These 30 Under 30 2023 Finalists Are Using Tech To Meet Consumer Needs
Born out of frustration and necessity, Forbes 30 Under 30 Consumer tech finalists are tackling a wide range of problems with cutting-edge technology.
By Rashi Shrivastava, Heather Newman and Emily Baker-White
wenty-eight-year-old Vicente Zavarce founded a food delivery app, Yummy, in Venezuela in April 2020. More than two years later the startup, has raised $84 million at a $204 million valuation, expanded to four countries with four million registered users and has started providing grocery, clothing and medicine delivery along with ridesharing. Zavarce says his Y-combinator backed super app competes with apps like Shopify and Delivery Hero.
“I hadn’t found a problem that I could put all of my knowledge and resources into solving, until I visited my home country in 2019 and realized most underserved areas of Latin America were lacking a true super app that would support users, merchants and gig economy workers,” Zavarce says.
Zavarce is one of 30 list makers on the 2023 Forbes 30 Under 30 Consumer Tech list, which spots and highlights young entrepreneurs making impact through consumer technology in a range of categories.
Some of these entrepreneurs have learned how to capitalize on underused spaces. Student trio Jonathon Barkl, 25, Chelsea Border, 26, and Scott Fitsimones, 25 came up with the idea for AirGarage in 2017, pitching it as a way for students to rent out driveways as parking spaces. The startup, which now uses license plate recognition software to automate users’ entry into a parking lot or garage instead of the traditional parking ticket system, has raised $16 million in venture funding and had more than a million parking rentals in 2022. In 2018 Bunim Laskin, 25, created Swimply, a platform which allows people to rent private pools by the hour. Laskin’s startup booked more than $25 million in revenue this year. Brandon Afari, 28, is the cofounder and CEO of ChargeFuze, which provides portable chargers for rent at busy locations like stadiums, theme parks and restaurants. His startup is projected to bring in $4 million in revenue this year.
Disrupting entertainment through technology, 25-year-old Caroline Spiegel’s subscription-based audio app Quinn converts romantic novels and erotica into audio clips. The Stanford dropout says she created Quinn because she was frustrated by the lack of solutions for women to deal with sexual dysfunction. On the other hand, Bobby Pinckney, 25, and Michelle Yin, 26, created their song recommendation app Discz Music as a class project. Their idea of bridging the gap between newer platforms like TikTok and older ones like Spotify went viral and Discz Music now has 40 million song saves on its app.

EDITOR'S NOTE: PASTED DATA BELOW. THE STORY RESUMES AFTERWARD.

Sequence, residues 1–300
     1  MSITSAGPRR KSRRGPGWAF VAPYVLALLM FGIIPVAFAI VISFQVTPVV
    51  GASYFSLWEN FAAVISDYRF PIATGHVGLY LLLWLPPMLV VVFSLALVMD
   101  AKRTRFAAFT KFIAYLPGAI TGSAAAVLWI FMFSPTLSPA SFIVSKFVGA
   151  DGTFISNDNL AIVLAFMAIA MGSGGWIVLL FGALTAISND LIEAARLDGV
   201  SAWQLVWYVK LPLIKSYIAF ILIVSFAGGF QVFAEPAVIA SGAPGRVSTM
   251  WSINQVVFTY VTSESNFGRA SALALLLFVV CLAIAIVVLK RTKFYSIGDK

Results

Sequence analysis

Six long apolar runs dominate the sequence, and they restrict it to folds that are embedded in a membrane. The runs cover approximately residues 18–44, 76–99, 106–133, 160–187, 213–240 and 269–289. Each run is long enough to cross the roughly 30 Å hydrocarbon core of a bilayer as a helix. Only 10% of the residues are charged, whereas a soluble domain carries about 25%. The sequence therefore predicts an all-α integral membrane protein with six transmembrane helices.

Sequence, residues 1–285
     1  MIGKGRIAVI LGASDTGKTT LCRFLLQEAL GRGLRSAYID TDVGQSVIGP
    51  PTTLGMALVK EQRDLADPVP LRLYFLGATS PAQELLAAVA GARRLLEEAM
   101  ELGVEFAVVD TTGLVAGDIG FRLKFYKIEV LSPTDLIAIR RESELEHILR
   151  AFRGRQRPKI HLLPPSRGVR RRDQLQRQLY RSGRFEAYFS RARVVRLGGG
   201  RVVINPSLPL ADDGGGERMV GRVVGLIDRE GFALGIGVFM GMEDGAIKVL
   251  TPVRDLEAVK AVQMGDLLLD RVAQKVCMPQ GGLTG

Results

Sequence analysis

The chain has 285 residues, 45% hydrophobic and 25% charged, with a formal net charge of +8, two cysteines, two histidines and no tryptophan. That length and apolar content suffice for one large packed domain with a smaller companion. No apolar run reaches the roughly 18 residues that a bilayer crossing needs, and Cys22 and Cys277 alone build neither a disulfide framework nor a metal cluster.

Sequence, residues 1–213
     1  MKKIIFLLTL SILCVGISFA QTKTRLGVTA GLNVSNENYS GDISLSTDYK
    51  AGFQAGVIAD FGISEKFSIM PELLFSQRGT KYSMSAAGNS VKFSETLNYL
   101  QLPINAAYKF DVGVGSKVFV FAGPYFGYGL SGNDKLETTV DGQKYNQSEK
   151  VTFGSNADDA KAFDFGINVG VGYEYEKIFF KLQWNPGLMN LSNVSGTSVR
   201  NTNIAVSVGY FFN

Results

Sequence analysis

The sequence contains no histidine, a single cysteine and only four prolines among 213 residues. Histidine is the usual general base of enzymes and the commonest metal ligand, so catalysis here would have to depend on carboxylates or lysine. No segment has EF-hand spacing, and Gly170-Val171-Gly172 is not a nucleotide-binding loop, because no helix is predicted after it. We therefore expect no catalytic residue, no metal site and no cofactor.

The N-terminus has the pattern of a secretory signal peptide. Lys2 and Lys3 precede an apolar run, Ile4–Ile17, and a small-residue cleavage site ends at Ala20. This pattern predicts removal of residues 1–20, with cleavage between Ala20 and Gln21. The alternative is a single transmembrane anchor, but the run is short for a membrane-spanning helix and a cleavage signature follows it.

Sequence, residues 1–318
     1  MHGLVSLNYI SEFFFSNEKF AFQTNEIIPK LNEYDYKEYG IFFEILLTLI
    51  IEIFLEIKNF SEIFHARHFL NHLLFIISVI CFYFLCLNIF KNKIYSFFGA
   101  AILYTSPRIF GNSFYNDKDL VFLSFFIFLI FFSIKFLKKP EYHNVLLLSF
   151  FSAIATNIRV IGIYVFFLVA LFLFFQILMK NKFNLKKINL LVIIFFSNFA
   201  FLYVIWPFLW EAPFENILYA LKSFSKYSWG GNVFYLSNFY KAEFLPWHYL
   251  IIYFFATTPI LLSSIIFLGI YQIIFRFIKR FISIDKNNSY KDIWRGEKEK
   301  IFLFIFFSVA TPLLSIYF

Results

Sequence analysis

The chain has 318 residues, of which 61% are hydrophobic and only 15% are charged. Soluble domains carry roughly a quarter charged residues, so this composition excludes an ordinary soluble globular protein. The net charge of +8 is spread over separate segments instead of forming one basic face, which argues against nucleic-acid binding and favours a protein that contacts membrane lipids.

Other startups featured on the list are dedicated to simplifying difficult situations and problems. Mallory Greene, 29, created Toronto-based Eirene, to use technology to provide cremation services for grieving families. Greene leads an almost all-women team and aspires to revolutionize death care by making services affordable and convenient. “The act of memorializing our loved ones is expensive, burdensome and confusing,’ says Greene, who is the daughter of a funeral director. Daniel Miyares, 25, and Aanandh Chandrasekar, 26, want to connect overcapacity animal shelters to adopters and fosters through PetPair, which has 200 customers and 1.2 million in funding.
The list features 23 entrepreneurs of color and 16 women. While most young entrepreneurs who have made this list hail from New York and California, a few outliers are based in Florida, Quebec, Arizona and Oregon.
The Forbes 30 Under 30 Consumer Tech list is derived from hundreds of nominations and online submissions from a range of sources. The judges for this category were Anarghya Vardhana, a partner at consumer tech VC firm Maveron; Devon Townsend, cofounder and CEO of celebrity video sharing site Cameo and an Under 30 alumni; Shan Lyn-Ma, cofounder and CEO of wedding registry giant Zola; and Tracy Chou, cofounder and CEO of Block Party, which creates anti-harassment tools against online abuse.
This year’s list was edited by Assistant Editor Rashi Shrivastava, Senior Writer Emily Baker-White and Forbes Contributor Heather Newman. For a link to our complete Consumer Tech list, click here, and for full 30 Under 30 coverage, click here.